Currency conversion

Every country needs to have their own currency, and while I don’t quite have my own country (yet) that doesn’t mean I can’t have my own currency. Not owning a country never stopped Monopoly or Chuck E Cheese from creating a money system. My aim is to put a new meaning to the term “currency conversion.” I know people might not be too quick to give up their dollars and euros, but I hope that the masses will see the logic in my system and slowly convert to Ramens.

While coming just short of broke while paying the rent on my apartment, I inevitably learned the value of Ramen noodles. When faced with the choice between a bag of chips or a month’s worth of noodles, I quickly determined that eating to live is much more economical than living to eat. I also discovered that Ramen is one of the only diets where you can pretty much live off of the nickels you find on the ground. So I started using Ramens to gauge how much things are worth. For example, a pack of gum could be worth roughly 4 Ramens. Two scoops of ice cream at Culver’s is worth about 25 Ramens. When we move on to more expensive items like, say, a car, the numbers start getting bigger. A typical small car can cost upwards of 100,000 Ramens. So I created a larger unit of Ramens equal to a year’s worth of noodles. Using Ramen Years, that same car would cost about 760 Ramen Years.

If everyone converted to my currency, it would be so much simpler for everyone. And unlike paper bills, the money would actually be worth something. Maybe if I save up enough Ramens I could finally buy myself that country I’ve been wanting.

Update 8/23/2016: It’s happening!

Free the mints!

The best part of eating at Pizza Hut has always been the little peppermints you get after the meal. The sweet, round candies with an angelic flavor that leaves a fresh taste in your mouth. But the worst decision Pizza Hut has ever made was a while ago when they decided to switch out the peppermints with their wicked, evil twin, cinnamints. While virtually identical to peppermints, innocent and attractive on the outside, on the inside they are really strong and bitter. What’s even worse is that they have a thin, deceitful layer of peppermint to fool people into thinking that they’ve got the real thing. But as soon as the sugar-coated lie wears off and exposes the filth underneath, they see the malicious treat for what it really is and are immediately turned away. The once happy customer then leaves the restaurant unsatisfied and with a bad taste in their mouth.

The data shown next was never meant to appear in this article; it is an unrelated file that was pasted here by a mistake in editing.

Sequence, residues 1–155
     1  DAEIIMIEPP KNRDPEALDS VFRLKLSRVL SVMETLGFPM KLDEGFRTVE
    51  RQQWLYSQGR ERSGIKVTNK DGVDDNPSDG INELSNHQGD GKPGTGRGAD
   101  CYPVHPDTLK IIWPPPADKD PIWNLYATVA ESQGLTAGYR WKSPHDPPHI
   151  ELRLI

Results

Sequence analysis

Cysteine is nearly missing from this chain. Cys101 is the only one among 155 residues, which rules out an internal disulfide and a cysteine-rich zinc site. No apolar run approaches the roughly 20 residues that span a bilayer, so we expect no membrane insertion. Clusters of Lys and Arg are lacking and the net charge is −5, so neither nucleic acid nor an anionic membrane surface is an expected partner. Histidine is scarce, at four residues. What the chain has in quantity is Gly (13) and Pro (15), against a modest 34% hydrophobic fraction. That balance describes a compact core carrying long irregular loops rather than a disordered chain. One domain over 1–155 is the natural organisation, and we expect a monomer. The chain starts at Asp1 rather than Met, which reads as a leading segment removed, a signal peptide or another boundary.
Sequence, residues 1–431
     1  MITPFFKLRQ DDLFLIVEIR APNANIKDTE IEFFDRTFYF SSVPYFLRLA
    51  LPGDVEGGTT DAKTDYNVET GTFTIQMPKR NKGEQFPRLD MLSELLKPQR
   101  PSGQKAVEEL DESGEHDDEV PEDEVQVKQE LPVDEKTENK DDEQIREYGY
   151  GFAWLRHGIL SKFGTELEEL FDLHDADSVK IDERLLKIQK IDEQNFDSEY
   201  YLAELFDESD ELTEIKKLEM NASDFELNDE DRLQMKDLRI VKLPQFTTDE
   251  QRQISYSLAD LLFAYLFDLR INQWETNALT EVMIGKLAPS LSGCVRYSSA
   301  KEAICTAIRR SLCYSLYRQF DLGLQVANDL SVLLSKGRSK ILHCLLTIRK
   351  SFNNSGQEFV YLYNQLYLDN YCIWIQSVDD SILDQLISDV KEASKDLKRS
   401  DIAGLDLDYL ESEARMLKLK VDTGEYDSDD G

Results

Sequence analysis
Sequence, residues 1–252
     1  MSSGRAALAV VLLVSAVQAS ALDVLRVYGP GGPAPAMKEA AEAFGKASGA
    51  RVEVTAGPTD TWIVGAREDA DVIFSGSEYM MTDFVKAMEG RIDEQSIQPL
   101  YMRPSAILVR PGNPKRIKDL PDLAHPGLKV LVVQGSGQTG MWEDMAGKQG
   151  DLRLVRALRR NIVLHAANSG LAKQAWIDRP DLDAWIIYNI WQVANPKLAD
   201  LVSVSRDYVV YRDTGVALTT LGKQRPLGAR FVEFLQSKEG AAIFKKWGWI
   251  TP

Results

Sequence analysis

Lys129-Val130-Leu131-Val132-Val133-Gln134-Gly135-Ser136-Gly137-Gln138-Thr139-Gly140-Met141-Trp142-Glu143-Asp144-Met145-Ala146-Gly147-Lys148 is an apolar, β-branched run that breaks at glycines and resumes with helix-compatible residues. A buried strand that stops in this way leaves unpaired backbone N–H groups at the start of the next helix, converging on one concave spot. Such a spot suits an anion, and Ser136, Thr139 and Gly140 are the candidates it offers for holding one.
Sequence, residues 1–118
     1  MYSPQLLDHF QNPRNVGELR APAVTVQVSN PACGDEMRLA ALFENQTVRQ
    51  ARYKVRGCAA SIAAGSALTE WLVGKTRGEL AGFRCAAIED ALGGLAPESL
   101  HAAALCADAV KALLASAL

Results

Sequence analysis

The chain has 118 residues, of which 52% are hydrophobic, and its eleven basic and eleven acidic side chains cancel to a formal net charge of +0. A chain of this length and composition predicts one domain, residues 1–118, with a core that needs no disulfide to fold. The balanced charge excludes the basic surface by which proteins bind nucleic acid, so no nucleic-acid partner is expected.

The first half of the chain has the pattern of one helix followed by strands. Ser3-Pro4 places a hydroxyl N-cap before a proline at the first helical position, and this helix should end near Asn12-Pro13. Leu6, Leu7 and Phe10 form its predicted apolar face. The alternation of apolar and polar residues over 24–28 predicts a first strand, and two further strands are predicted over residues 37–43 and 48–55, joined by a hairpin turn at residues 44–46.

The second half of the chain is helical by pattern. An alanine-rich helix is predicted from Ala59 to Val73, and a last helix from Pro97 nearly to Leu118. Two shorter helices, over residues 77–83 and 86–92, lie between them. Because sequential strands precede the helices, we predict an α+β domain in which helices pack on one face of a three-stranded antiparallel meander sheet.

We can’t let this go on. We must band together and fight the oppression of the cinnamints. Sign the petition and make a difference. Cinnamon mint is an oxymoron. Bring back the peppermints!

Compliments of Donita

My girlfriend compliments me all the time. Somehow she just has a way of making me feel loved.

“The only reason people come over to your house is because of your tv.”

“Your eyes look like a baby girl ant’s eyes.”

“Eww, your calf muscles are kind of deformed.”

“You’re not very good at batting or fielding, but you’re pretty good at running.”

“I like your hair…but you need a haircut.”

“Your tongue is fat.”

“You have huge bags under your eyes.”

“I hope you’re not charging them much for taking their wedding pictures.”

Cable guy

Having dual monitors is pretty sweet, but if you don’t have the cables to plug them into your computer you don’t really get the full effect. So I ordered a couple cables online and as soon as they arrived I plugged in the first one and was excited to hear the dramatic “phfip” sound when it lit up. I plugged in the second one and waited for the phfip. And I waited a little longer. When I finally realized that there wasn’t going to be a phfip, and after testing the cable with different configurations, I determined that it was a faulty cable.

The company gladly sent me a replacement cable, but again no phfip (that sounds like some kind of bad word, now that I think about it). With two out of three cables not working, I decided to call the company to see what was up. I told the operator that I was having a problem with a cable. I’m still not sure what language he was speaking, but he transferred me to this other guy who then transferred me to another guy. If I didn’t know any better I would have thought I was the victim of some Arabian terrorist group or something. So the last guy I talked to, hereafter referred to as the “cable guy” (no pun intended) started getting all defensive when I told him that I had two faulty cables. He said something about how they couldn’t afford to send me any more replacements and there’s no way the cables could be defective. Then he said in a perfect Arab accent, “I bet you a hunnerd dollar dat it’s not de cable.”